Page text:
- For US residents, Color and Helix screen specifically for genetic variants linked to familial hypercholesterolemia, and at reasonable prices.
- For US residents who want to pay less, Orig3n, 23andMe, and Vitagene will give you a sense of your likely cholesterol health at a moderate cost.
- For UK residents DNAfit’s SnapShot provides rapid results regarding your actual cholesterol levels, but you have to submit some blood.
|Sample Collection||FH Testing Insights||Results ETA||Health Support Team||Mobile App Reports|
|Helix||Saliva||✔||4-8 weeks||✔||X||SEE DEALS|
|Color||Saliva||✔||3-4 weeks||✔||X||SEE DEALS|
|23andMe||Saliva||✔||2-3 weeks||✔||✔||SEE DEALS|
|Orig3n||Cheek Swab||X||4 weeks||X||✔||SEE DEALS|
|DNAfit||Blood via TAP device||✔||10 days||✔||✔||SEE DEALS|
|Vitagene||Cheek Swab||X||2-3 weeks||X||X||SEE DEALS|
How accurate are at-home cholesterol tests?
An at-home cholesterol test may or may not be as accurate as what a doctor can offer. Accuracy can vary depending on the brand. It’s important to note that a test can measure the amount of cholesterol you have, but it doesn’t always give a complete picture. Other factors such as smoking and high blood pressure also play roles in determining your heart’s condition, which a doctor will take into consideration.
What sort of things can affect your cholesterol test results? (e.g., caffeine, fasting, alcohol, etc.)
There are foods and lifestyle factors that can influence your cholesterol levels. Foods such as cheeseburgers and fatty cuts of mean that have high saturated fat can raise cholesterol, along with high trans fat in others such as crackers and chips. Even egg yolks can raise your cholesterol levels. Aside from what you eat, smoking also lowers the amount of HDL cholesterol in your blood, which is useful for protecting you from heart disease.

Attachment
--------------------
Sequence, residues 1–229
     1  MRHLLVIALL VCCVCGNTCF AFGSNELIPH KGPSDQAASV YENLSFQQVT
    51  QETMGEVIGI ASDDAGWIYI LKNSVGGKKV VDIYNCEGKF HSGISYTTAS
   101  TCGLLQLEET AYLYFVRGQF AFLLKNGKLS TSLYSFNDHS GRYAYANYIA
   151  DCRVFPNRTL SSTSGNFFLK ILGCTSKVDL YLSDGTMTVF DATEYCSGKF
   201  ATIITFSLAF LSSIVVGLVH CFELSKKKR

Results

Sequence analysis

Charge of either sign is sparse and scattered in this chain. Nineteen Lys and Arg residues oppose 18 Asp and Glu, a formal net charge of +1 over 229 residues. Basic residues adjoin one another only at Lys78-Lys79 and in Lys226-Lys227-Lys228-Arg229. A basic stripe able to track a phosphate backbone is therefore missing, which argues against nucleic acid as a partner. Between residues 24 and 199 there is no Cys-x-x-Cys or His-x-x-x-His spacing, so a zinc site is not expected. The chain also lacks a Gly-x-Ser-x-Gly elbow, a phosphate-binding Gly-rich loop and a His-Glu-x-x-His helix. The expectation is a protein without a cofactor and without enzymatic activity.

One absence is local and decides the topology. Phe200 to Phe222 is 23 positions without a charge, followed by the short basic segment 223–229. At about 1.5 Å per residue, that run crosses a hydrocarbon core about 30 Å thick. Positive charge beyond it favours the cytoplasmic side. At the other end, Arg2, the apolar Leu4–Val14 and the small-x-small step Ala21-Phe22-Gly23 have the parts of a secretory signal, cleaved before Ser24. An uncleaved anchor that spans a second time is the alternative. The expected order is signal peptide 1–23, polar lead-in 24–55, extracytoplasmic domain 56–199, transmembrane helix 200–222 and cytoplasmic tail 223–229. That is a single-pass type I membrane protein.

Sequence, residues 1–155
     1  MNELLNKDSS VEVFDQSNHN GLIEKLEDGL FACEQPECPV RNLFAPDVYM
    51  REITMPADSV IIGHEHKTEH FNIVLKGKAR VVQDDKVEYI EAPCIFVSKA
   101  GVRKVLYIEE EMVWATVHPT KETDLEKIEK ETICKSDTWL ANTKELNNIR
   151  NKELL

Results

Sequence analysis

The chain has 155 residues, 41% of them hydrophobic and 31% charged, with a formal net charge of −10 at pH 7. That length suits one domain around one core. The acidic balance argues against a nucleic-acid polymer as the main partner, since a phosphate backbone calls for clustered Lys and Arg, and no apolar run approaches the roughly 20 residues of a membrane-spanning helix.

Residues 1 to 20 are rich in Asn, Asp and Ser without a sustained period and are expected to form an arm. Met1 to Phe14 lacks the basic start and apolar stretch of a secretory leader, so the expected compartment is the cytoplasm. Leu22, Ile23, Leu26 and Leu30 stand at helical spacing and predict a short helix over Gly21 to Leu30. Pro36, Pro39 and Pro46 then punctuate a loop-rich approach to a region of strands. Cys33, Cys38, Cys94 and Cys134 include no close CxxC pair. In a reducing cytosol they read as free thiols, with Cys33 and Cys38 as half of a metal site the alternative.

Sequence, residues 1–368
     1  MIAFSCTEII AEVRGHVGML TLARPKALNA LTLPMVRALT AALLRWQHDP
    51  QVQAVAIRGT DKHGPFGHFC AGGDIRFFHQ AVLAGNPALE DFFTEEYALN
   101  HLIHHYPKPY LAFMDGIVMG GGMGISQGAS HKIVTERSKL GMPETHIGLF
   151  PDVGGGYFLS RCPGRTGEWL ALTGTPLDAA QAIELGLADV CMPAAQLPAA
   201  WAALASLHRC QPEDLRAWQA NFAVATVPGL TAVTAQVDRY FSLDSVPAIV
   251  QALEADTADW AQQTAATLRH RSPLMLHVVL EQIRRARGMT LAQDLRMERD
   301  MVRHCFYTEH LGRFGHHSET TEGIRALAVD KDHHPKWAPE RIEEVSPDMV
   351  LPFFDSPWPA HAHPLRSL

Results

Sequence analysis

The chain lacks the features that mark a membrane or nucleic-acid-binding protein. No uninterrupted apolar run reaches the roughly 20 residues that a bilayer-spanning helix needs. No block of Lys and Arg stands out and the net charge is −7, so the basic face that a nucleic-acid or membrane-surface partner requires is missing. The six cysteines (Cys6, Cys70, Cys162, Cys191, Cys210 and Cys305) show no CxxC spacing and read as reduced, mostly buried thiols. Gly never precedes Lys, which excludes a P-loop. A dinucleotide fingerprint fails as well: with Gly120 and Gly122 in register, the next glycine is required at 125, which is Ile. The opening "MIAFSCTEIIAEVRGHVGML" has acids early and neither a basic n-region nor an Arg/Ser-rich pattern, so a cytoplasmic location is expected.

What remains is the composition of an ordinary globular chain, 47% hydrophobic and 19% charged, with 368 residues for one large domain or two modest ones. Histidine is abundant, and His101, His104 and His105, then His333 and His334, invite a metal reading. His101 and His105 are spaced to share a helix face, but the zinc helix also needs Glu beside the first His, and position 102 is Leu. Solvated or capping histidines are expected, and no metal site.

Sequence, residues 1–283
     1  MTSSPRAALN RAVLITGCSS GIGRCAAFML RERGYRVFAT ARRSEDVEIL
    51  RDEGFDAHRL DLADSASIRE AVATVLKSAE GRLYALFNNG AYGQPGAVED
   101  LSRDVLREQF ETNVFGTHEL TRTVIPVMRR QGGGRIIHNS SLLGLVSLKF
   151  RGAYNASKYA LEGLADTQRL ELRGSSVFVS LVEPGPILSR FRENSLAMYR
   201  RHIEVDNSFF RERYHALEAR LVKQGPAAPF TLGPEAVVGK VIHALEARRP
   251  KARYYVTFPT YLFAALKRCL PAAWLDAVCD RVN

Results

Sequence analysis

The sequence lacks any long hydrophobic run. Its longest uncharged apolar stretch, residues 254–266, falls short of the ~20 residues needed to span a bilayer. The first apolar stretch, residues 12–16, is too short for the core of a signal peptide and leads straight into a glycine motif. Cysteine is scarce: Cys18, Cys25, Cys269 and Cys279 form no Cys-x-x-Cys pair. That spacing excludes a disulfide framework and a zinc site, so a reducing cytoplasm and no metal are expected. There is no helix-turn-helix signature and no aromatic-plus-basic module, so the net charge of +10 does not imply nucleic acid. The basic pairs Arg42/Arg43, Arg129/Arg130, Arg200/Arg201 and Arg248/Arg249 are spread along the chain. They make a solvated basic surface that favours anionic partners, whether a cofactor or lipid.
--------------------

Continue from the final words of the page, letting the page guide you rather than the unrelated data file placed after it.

What can taking a cholesterol test tell you about your personal health?
While an at-home test can’t replace a doctor’s visit, it can at least give you an idea of where your cholesterol health stands. The results you receive from an at-home cholesterol test can indicate whether you need to start making lifestyle choices right away or if you need an appointment with your doctor. The most important thing you can do is get your cholesterol checked on a regular basis. An at-home cholesterol test offers convenience and flexibility without interrupting your regular routine.
What do normal cholesterol test results look like?
Many at-home cholesterol tests look at specific genes linked to familial hypercholesterolemia (or FH). Those with FH are at a greater risk of developing heart disease.
In your results, testing companies will often report on the number of genetic variants it finds linked to FH from your sample. Depending on the lab’s findings, the company may recommend extra measures you can take to maintain healthy cholesterol levels.
Some companies also provide access to a genetic counselor who can help interpret your results for you in case you have any questions.
Who should consider taking an at-home cholesterol test? (And how often?)
Everyone should get their cholesterol tested. Those who do not have access to a doctor or struggle to attend an appointment are ideal candidates for taking an at-home cholesterol test.
Testing frequency depends on one’s age. One general rule of thumb is for adults 20 years or older to get tested every four to six years. Adults older than 40 should get tested more often depending on their risk factors, which a doctor can help determine.